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How to Handle Abusive Roleplay Partners and Friends

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There are a wide variety of behaviors that might be reasonably called abusive. Harassment is an obvious one, but emotionally manipulating someone into doing something they normally would not do can be just as bad or even worse even though it can appear almost harmless to others. The term "abusive" should be understood here as a catch-all for any behaviors that harm you or cause you serious distress. It can be hard to come to terms with the fact that someone you view as a friend or creative partner has become a source of negativity for you, and even harder still to decide what to do when you come to that realization. This Resource will hopefully give you a guide to use in case you ever find yourself in that unfortunate situation.

How To Tell If Someone Is Abusing You​

The short and unfortunate answer is that there's no objective way to easily point out abuse. As noted above, the hallmarks of abuse are that it causes harm or makes the target very distressed. For example, being bugged many times a day by a roleplay partner demanding a post may not seem like a big deal, but it can cause a lot of distress depending on how it's done and how persistent the person is. Another example is someone talking about being suicidal in order to manipulate you into roleplaying with them or giving them personal information; in that scenario the abusive behavior comes from them intentionally making you distressed by talk of suicide in order to get you to do what they want, generally by saying that it will make them feel better.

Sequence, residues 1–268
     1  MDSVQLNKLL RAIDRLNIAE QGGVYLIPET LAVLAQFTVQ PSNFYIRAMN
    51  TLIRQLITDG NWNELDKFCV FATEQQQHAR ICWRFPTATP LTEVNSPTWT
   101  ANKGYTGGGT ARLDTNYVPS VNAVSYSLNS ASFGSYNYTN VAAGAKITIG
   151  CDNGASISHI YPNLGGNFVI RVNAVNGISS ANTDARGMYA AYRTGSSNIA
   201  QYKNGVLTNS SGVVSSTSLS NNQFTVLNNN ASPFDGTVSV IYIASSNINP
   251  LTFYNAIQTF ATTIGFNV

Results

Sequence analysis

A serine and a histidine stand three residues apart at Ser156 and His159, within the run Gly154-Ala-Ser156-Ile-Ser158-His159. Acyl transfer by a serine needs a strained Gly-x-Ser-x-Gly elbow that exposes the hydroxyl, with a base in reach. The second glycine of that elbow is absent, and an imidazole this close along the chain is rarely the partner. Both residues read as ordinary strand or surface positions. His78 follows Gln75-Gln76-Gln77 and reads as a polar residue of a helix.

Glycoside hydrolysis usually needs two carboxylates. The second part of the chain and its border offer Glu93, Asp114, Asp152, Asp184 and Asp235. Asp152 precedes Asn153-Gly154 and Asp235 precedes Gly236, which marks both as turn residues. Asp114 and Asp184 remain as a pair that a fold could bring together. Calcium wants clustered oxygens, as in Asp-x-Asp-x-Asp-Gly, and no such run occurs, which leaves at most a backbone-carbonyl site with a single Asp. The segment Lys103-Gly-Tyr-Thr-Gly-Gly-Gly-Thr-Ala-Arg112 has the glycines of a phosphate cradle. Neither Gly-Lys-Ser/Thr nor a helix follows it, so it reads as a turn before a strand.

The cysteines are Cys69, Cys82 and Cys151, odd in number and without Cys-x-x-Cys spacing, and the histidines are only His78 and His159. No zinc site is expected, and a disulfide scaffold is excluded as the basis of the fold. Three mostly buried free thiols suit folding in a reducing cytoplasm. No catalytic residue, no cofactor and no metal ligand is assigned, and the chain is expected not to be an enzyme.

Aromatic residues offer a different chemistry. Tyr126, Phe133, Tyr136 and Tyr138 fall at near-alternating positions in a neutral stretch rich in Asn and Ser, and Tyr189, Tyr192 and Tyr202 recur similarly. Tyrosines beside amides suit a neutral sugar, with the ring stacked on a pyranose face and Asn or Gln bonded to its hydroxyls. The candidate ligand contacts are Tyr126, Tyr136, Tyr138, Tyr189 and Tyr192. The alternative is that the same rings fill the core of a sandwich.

There are plenty of other potentially abusive behaviors out there, so go with your gut instinct if it's not something obvious like a person sending you hate-filled rants. If another person's actions are making you feel bad, then you should probably do something about it. Nobody has a right to make you feel like shit, and on Iwaku you've got some options to deal with it yourself or get help from the Staff if you need it. We strive to make Iwaku a comfortable place for everyone, as described in our rules on flexibility of speech and behavior on site.

We follow Flexibility of Speech not Freedom of Speech.
The U.S. laws for Freedom of Speech do not apply here. You have the freedom to voice your opinions; HOWEVER, you do not have the freedom to force your opinions on others, post malicious comments (such as aggressive or direct hate speech, threats, or calls to violence/illegal acts), or attack another member's character. Just as you wish to be respected, others must be respected. Iwaku may be a public forum but we are not a public service or business. We are a privately-owned community. All members are expected to follow the rules of our home. We will put a stop to any behavior we feel is being disruptive or damaging to the mood of our community and Administration reserves the right to ban anyone for any reason.

Note that abusive behavior is definitely "being disruptive or damaging to the mood of our community" and will be handled as such.

What To Do With An Abusive Friend/Partner​

The first step to take is to ask them to stop. Sometimes people do things that they don't realize are making you feel bad, such as bugging you for posts even though you're very busy because they're eager to continue the roleplay. If it's something like that, a mistake of some kind rather than intentional, generally asking the person to stop will yield positive results. However, if they brush it off and persist in doing whatever made you uncomfortable, then you've got a pretty strong hint that they don't care about your feelings and are only interested in what they want. If asking someone to stop doesn't work, then it's time to move on to something more forceful.